James Whiteside

From Wikipedia, the free encyclopedia
Jump to navigation Jump to search

James Whiteside
James Whiteside.jpg
Statue of James Whiteside by Albert Bruce-Joy in St Patrick's Cathedral, Dublin.
Lord Chief Justice of Ireland
In office
1866–1876
MonarchQueen Victoria
Prime MinisterEarl of Derby
Benjamin Disraeli
Attorney-General for Ireland
In office
1858–1859
Solicitor-General for Ireland
In office
1850–1852
University of Dublin
In office
1859–1866
Enniskillen
In office
1851–1859
Preceded byHon. Henry Arthur Cole
Succeeded byHon. John Lowry Cole
Personal details
Born12 August 1804
Died25 November 1876 (1876-11-26) (aged 72)
Political partyIrish Conservative Party
Spouse(s)Rosetta Napier
Alma materTrinity College, Dublin

James Whiteside (12 August 1804 – 25 November 1876) was an Irish politician and judge.

Background and education[edit]

Whiteside was born at Delgany, County Wicklow, the son of William Whiteside, a clergyman of the Church of Ireland, his father was transferred to the parish of Rathmines, but died when his son was only two, leaving his widow in straitened circumstances. She is said to have schooled her son personally in his early years, he was educated at Trinity College, Dublin, entered the Middle Temple, and was called to the Irish bar in 1830.

Legal and judicial career[edit]

Whiteside very rapidly acquired a large practice, and after taking silk in 1842 he gained a reputation for forensic oratory surpassing that of all his contemporaries, and rivalling that of his most famous predecessors of the 18th century, he defended Daniel O'Connell in the state trial of 1843, and William Smith O'Brien in 1848; and his greatest triumph was in the Yelverton case in 1861. He was elected member for Enniskillen in 1851, and in 1859 became member for Dublin University. In Parliament, he was no less successful as a speaker than at the bar, and in 1852 was appointed Solicitor-General for Ireland in the first administration of the Earl of Derby, becoming Attorney-General for Ireland in 1858, and again in 1866.[citation needed] In the same year he was appointed Lord Chief Justice of the Queen's Bench, having previously turned down offers of a junior judgeship. In 1848, after a visit to Italy, he published Italy in the Nineteenth Century;[1] and in 1870 he collected and republished some papers contributed many years before to periodicals, under the title Early Sketches of Eminent Persons.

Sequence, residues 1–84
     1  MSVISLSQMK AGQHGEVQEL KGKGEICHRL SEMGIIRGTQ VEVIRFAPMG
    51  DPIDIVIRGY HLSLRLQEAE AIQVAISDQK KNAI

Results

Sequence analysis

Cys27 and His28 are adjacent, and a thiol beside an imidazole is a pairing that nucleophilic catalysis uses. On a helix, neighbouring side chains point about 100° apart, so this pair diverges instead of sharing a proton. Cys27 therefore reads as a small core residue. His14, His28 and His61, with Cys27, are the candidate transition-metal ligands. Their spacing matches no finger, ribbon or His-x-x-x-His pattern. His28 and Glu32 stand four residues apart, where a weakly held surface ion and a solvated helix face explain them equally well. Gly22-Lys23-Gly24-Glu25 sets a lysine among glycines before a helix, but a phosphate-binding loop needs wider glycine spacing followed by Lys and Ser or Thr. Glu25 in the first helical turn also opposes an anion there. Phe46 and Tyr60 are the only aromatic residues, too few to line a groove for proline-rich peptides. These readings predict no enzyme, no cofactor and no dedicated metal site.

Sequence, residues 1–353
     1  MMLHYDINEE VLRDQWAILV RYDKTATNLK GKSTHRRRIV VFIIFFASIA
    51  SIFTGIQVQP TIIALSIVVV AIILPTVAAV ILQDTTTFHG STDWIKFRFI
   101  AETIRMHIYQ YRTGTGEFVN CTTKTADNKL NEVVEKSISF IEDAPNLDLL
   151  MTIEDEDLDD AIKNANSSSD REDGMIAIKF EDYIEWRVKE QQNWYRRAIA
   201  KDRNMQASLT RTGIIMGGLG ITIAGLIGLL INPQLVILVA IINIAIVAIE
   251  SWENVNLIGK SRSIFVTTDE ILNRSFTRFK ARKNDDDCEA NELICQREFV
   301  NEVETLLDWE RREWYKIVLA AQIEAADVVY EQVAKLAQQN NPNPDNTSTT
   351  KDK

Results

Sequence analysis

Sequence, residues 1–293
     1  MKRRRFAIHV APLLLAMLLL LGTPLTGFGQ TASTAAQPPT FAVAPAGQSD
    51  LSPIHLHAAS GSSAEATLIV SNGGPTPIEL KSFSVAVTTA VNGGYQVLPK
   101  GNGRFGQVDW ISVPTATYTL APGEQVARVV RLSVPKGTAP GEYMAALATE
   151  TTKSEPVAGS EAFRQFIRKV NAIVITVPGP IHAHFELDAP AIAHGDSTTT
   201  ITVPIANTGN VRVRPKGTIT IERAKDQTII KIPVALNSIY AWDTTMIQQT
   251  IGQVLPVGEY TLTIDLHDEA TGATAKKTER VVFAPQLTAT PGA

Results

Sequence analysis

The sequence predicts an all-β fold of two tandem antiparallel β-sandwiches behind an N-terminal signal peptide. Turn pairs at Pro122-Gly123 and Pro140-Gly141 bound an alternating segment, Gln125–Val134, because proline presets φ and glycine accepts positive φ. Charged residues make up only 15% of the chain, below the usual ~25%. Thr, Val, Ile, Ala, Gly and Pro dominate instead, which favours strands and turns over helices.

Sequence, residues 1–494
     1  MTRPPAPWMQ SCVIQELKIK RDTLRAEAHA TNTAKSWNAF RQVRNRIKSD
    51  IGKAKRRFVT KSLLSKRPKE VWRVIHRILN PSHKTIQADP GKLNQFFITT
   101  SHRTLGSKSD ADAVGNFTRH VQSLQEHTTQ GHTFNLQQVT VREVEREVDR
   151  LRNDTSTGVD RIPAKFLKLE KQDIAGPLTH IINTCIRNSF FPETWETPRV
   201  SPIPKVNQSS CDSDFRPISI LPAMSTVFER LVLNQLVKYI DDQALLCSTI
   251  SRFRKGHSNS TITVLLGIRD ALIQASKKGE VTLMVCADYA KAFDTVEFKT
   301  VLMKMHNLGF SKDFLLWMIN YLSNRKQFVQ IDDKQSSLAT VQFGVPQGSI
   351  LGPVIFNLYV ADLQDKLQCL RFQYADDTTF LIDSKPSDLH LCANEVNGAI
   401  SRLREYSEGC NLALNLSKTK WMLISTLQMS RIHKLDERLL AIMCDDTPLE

Personal life[edit]

In July 1833 Whiteside married Rosetta, daughter of William and Rosetta Napier, and sister of Sir Joseph Napier, Lord Chancellor of Ireland, he died on 25 November 1876 in Brighton, Sussex.

He was universally well liked, being noted for charm, erudition and a sense of humour. Barristers who practiced before him said that his charm, courtesy and constant flow of jokes made appearing in his Court a delightful experience.

Like his brother-in-law Joseph Napier he was devoted to the Church of Ireland, and strongly opposed its disestablishment.

References[edit]

  1. ^ "Review of Italy in the Nineteenth Century, contrasted with its past Condition by James Whiteside". The Quarterly Review. 83: 552–584. September 1848.

External links[edit]

Parliament of the United Kingdom
Preceded by
Hon. Henry Arthur Cole
Member of Parliament for Enniskillen
1851–1859
Succeeded by
Hon. John Lowry Cole
Preceded by
George Alexander Hamilton
Anthony Lefroy
Member of Parliament for Dublin University
1859–1866
With: Anthony Lefroy
Succeeded by
John Edward Walsh
Anthony Lefroy
Legal offices
Preceded by
Henry George Hughes
Solicitor-General for Ireland
1850–1852
Succeeded by
William Keogh
Preceded by
John David Fitzgerald
Attorney-General for Ireland
1858–1859
Succeeded by
John David Fitzgerald
Preceded by
Thomas Langlois Lefroy
Lord Chief Justice of the King's Bench for Ireland
1866–1876
Succeeded by
George Augustus Chichester May